Free movement of public documents

19-06-2013

The numbers of Europeans working, studying or living in another Member State has grown to over 12 million. As part of daily life they are often required to present formal documents in one Member State which have been issued in another. In most cases, these documents are not accepted automatically but must undergo a process of authentication which can be both time consuming and costly.  The traditional method of authentication, known as ""legalisation"", which involved a series of separate checks has been largely replaced by the streamlined process of Apostille. However this process only reduces administrative burden and does not remove it. Some provisions of EU law have attempted to address this burden but only on a sectoral basis. No horizontal measure currently exists. The Commission has been aiming to address the issue for several years. Following a 2011 consultation, a proposal for a regulation was published in 2013 which would remove both legalisation and Apostille formalities within the EU.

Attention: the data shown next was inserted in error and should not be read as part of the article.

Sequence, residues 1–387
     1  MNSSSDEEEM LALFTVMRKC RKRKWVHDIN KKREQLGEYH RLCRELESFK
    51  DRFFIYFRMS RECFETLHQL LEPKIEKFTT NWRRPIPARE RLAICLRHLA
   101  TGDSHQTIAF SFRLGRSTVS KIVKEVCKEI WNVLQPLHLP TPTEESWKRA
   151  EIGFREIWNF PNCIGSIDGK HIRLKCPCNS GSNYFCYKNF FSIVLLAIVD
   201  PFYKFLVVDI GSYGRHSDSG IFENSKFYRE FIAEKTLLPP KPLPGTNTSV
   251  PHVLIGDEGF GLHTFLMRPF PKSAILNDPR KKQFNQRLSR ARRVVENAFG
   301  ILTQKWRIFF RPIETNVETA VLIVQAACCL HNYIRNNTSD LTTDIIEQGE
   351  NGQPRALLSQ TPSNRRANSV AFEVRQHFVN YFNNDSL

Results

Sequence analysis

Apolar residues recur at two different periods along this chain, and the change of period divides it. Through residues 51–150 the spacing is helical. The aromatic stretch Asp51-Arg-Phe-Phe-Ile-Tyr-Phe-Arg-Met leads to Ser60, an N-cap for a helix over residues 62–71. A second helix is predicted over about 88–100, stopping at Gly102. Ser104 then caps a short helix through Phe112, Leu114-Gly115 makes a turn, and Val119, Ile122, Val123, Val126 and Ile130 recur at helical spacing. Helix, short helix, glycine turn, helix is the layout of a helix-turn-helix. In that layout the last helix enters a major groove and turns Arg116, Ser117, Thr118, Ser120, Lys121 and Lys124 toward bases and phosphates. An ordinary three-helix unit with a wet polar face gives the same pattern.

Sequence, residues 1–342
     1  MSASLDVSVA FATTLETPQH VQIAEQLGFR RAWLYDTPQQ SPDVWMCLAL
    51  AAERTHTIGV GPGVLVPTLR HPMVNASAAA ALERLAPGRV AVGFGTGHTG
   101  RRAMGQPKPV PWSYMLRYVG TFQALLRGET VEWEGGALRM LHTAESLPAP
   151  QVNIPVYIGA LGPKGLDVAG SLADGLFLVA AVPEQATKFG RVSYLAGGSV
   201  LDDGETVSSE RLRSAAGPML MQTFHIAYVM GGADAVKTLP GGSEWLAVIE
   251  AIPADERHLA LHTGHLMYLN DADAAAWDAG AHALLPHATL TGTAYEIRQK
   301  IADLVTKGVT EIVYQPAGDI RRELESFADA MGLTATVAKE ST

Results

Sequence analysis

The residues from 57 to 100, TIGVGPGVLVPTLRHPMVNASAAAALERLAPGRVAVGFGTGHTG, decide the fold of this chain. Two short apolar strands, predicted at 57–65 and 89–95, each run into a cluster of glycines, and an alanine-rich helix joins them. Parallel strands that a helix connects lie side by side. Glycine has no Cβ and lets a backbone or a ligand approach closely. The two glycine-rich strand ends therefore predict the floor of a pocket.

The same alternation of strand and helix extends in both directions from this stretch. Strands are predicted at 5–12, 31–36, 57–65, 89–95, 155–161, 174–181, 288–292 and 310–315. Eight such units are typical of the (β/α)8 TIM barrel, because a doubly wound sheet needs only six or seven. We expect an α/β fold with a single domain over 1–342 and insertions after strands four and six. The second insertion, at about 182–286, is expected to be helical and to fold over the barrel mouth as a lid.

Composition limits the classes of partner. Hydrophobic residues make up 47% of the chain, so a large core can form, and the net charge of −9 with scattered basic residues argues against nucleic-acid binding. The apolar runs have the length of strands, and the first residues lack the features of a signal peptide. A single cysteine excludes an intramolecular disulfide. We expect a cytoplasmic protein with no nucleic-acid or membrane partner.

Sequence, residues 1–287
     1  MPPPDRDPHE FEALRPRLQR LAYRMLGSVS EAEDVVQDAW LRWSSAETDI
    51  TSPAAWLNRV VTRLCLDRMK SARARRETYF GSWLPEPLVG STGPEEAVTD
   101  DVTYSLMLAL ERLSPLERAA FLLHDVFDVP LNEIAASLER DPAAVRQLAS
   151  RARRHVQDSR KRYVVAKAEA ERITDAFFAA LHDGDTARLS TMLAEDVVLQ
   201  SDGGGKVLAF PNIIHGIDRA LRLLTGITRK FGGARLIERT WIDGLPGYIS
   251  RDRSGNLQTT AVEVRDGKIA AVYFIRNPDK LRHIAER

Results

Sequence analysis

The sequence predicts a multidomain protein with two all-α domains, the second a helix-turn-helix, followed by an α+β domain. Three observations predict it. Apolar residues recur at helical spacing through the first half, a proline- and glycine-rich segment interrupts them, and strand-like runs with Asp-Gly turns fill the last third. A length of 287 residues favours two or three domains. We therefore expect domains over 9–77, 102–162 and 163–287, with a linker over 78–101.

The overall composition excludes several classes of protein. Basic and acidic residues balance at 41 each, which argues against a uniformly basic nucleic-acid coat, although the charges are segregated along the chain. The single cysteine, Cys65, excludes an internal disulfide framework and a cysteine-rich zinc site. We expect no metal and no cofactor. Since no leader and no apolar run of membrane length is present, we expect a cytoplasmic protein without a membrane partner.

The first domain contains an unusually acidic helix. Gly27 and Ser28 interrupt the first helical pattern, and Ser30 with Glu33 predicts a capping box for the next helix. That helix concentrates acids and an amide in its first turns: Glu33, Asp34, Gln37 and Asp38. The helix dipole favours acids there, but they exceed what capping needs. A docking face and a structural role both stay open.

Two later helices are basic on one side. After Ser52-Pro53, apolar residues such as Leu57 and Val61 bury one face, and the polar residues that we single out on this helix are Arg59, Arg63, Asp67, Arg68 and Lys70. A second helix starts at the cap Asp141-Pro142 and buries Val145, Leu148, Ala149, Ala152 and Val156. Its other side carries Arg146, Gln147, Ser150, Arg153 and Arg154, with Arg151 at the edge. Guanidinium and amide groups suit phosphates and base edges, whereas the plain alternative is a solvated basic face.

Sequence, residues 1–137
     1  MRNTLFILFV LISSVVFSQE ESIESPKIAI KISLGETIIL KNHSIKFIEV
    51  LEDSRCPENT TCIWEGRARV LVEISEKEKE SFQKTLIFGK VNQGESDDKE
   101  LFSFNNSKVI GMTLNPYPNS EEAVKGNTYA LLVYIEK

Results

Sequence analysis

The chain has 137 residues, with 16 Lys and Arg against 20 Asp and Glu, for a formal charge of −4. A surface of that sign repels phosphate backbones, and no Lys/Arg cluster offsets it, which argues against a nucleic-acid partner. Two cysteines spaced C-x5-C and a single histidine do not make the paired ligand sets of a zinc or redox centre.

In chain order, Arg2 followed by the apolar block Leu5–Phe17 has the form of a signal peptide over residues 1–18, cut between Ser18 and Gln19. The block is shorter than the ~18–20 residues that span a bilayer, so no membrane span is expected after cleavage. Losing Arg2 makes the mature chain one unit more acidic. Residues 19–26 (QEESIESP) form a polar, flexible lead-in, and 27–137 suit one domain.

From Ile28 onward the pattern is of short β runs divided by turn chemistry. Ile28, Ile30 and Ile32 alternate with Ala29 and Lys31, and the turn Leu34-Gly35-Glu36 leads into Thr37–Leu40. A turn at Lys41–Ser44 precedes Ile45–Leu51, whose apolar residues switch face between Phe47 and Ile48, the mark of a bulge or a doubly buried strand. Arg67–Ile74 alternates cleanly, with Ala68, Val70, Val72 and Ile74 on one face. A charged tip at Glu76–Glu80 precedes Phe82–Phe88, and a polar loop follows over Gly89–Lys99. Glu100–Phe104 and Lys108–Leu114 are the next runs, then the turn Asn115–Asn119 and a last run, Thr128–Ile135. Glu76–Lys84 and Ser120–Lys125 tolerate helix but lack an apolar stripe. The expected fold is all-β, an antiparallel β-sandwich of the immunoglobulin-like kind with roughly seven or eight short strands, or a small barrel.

The numbers of Europeans working, studying or living in another Member State has grown to over 12 million. As part of daily life they are often required to present formal documents in one Member State which have been issued in another. In most cases, these documents are not accepted automatically but must undergo a process of authentication which can be both time consuming and costly.  The traditional method of authentication, known as ""legalisation"", which involved a series of separate checks has been largely replaced by the streamlined process of Apostille. However this process only reduces administrative burden and does not remove it. Some provisions of EU law have attempted to address this burden but only on a sectoral basis. No horizontal measure currently exists. The Commission has been aiming to address the issue for several years. Following a 2011 consultation, a proposal for a regulation was published in 2013 which would remove both legalisation and Apostille formalities within the EU.